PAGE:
Hi.

Welcome to my blog. I share mine and others stories about travel, adventure and tips to inspire you on your next trip!

PURSUIT OF THE 2ND YEAR VISA: FINDING YOUR FARM WORK

PURSUIT OF THE 2ND YEAR VISA: FINDING YOUR FARM WORK

Before I arrived in Australia, I had heard about the idea of doing 3 months of farm work in exchange for a 2nd working holiday visa, and I had wholeheartedly rejected the idea. I absolutely knew that it would not suit me, that I would have more fun in the cities and on the tourist trail, and I simply wasn’t interested in sweating it out in outback paddocks picking fruit and being faced with endless near death experiences with spiders and snakes. However, about 8 months into my first year, I realised that I wasn’t quite ready to go home. I expect quite a few people can sympathise with this, and I certainly wished there was more information online about it when I came to this realisation very last minute, with next to no time to sort out this elusive visa. My first piece of advice for you (with absolutely nothing to qualify me to give advice!) is that it would be seriously helpful for you to do your farm work early in your first year! This would mean that you could get it out of the way early, and it would give you more time to find something to suit your skills and preferences. And my second piece of advice is that you may in fact find yourself enjoying your farm work far more than you anticipated, so leave yourself open to this possibility. Since doing mine, I have rarely been off farms and love the new experiences I have had since getting away from the backpacker trail!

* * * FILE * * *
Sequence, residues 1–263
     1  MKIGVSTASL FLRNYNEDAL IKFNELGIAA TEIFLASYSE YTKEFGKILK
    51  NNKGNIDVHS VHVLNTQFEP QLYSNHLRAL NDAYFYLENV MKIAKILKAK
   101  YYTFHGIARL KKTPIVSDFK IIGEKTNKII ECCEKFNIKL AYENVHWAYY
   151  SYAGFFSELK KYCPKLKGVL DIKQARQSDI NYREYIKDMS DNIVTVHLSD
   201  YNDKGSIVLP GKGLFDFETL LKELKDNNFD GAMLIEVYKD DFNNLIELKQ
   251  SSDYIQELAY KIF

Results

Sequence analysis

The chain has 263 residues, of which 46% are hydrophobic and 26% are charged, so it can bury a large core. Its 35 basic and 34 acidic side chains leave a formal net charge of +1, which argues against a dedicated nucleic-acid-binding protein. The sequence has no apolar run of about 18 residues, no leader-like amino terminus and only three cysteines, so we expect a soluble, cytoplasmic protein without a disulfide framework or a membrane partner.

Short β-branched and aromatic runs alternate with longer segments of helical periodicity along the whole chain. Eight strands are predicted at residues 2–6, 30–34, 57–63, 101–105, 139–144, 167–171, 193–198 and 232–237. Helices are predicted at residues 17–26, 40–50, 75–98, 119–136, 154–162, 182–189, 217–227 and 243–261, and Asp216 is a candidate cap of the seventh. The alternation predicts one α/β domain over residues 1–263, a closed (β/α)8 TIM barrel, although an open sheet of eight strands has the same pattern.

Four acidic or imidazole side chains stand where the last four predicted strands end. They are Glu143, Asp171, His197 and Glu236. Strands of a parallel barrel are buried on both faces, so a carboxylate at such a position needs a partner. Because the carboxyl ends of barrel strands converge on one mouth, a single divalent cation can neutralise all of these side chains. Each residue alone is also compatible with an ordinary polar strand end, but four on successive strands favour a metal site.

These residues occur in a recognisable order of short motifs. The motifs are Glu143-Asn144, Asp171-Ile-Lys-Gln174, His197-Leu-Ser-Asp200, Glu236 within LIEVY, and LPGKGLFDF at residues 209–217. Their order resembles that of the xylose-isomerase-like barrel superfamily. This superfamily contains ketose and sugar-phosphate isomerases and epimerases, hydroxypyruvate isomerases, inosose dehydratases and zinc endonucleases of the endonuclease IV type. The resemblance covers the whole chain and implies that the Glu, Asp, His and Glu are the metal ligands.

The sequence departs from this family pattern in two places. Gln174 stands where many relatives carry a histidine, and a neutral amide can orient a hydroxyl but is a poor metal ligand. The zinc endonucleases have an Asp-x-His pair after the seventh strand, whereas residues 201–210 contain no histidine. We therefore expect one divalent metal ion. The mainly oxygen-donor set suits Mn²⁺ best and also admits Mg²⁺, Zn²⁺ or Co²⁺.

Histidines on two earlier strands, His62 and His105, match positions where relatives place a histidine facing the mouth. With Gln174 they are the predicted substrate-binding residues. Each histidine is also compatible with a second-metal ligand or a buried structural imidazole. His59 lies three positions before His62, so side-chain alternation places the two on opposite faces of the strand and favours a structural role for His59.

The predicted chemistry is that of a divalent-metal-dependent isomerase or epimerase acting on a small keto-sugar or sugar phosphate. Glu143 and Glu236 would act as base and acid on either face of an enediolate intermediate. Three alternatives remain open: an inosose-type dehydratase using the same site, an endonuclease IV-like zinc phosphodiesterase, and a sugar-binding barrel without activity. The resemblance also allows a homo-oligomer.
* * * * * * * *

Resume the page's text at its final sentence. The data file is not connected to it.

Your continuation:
When I decided to look for farm work, I started scouring the internet for advice but didn’t manage to find a huge amount apart from the basic information on the Australian Department of Immigration and Border Protection website (www.border.gov.au/Trav/Visa-1/417-). As I had so little time, I hunted on Gumtree (absolutely the best place to find your farm work unless you can find some through word of mouth) and luckily found a perfect family who wanted help with their special needs son on a farm. As I’m a nurse, this couldn’t have been more ideal, but I know I was very lucky to find it. In order to qualify for the visa, you have to complete 88 days of farm work in one continuous stint (you’re allowed 2 days off a week), or 88 days total at various farms (no days off allowed). I had about 100 days left on my visa when I started looking, and 89 days left when I arrived at the farm, so I was really cutting it fine! The rules have changed since I did my farm work, and now you have to be able to show pay slips for your work, so make sure your job can provide this before you start. The work has to be predominantly farming, but I spent most of my time looking after the farmer’s son, in the knowledge that the family were willing to say I had worked on the farm if questioned. This is a slightly risky move, but one I was willing to take as I was on such a tight schedule. It is also a route a lot of people take if they want to tick off their farm work without having to do fruit picking. Another commonly taken route is to work in an outback pub, but be careful doing this as the pub will need to be able to pay you through a farm’s accounts, so usually this will happen if the owner of the pub has a family member who owns a farm. Just make completely sure that there is a farmer who can vouch for you working on his farm, whatever the real nature of your work!